By-law requirements as contemplated in Section 24.4 of the ECE Licencing By-law. They provide basic necessities of life to the most vulnerable members of the community and their ability to
respond to requirements imposed on them typically depends on the public funding available.

In our opinion, the ECE Licensing By-law is invalid and would not withstand a challenge. On this basis we request that Council immediately repeal the ECE Licencing By-law or, at a minimum, defer the effective date of the ECE Licensing By-law for a period of at least six (6) months to allow for proper consultation.
Yours very truly,
Emma Blanchard O’Neal Ishimwe


Dear Ms. Blanchard:
Re: Town of Cobourg Re: Emergency Care Establishment By-law No. 018-2024
(the “ECE By-law”)
Our File No.: 20240428
Thank you for your reply e-mail of March 27th, 2024, regarding the above-referenced matter. I have had the opportunity to review the letter that you sent to the Town of Cobourg on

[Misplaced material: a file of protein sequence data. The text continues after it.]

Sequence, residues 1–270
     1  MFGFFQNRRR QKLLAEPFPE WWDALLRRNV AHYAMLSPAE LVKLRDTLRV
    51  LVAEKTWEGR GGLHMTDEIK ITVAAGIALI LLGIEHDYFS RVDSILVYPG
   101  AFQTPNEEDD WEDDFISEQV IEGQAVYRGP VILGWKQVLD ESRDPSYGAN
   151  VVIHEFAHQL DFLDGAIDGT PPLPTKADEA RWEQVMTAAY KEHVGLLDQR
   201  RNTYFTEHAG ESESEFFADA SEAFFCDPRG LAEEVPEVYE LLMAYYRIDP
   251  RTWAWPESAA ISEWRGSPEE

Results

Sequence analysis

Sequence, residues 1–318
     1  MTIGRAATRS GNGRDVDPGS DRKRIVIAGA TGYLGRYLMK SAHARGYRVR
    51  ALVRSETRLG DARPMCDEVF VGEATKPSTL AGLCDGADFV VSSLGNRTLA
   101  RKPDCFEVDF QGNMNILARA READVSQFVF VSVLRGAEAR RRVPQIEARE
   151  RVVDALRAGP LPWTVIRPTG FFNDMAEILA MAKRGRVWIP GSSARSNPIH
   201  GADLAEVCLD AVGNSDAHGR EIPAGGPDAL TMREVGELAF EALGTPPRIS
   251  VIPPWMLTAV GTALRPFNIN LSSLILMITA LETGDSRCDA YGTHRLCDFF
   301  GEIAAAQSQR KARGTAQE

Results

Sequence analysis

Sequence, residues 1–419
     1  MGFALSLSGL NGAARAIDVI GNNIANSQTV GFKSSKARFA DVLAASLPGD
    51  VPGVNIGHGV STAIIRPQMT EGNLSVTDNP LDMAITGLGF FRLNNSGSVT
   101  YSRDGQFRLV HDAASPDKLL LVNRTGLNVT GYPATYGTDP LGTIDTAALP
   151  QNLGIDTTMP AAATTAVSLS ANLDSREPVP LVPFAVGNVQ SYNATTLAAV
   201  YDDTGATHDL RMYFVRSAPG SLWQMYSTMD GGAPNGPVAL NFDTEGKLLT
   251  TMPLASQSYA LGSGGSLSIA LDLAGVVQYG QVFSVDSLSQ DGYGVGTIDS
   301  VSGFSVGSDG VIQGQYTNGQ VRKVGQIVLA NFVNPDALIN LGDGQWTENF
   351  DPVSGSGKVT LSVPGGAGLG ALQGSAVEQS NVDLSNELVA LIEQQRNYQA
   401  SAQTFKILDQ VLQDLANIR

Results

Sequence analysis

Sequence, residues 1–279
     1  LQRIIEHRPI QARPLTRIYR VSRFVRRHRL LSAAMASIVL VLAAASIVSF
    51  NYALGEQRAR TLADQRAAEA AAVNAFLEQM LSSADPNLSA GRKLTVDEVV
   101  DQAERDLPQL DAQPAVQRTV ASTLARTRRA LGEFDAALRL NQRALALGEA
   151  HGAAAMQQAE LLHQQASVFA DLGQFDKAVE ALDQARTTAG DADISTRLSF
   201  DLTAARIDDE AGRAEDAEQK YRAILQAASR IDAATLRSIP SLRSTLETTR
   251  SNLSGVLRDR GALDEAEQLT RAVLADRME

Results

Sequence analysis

March 26th, 2024. I am writing to reply to your letter.

Your letter indicates that the Town of Cobourg should immediately repeal the ECE Bylaw for the following reasons:

1. The “requirements of the By-law are so onerous and unreasonable they make compliance with the By-law practically impossible”.

2. The “By-law was adopted with virtually no notice or consultation”.

3. The By-law “targets Transition House”.

4. Your client indicates that these alleged circumstances are “all indicia of bad faith”. Transition House’s Allegation that the Town of Cobourg is Acting in Bad Faith

I will address each of the alleged indicia in a moment; however, it is very important for me to first state that the Town of Cobourg takes any suggestion that it is acting in bad faith very
seriously. On a reciprocal basis, such an allegation should not be made lightly in this context, particularly when the Town of Cobourg is working hard to ensure that individuals that find
themselves in crisis and require accommodation services from an ECE can reasonably expect that such ECE services meet basic health and safety (and other) standards of operation. In
other words, the Town of Cobourg’s focus in this context is on seeing that the needs of ECE residents are met and that the well-being of Cobourg residents more broadly is enhanced and
not on fostering a situation that tends to diminish the standard of services provided by ECEs.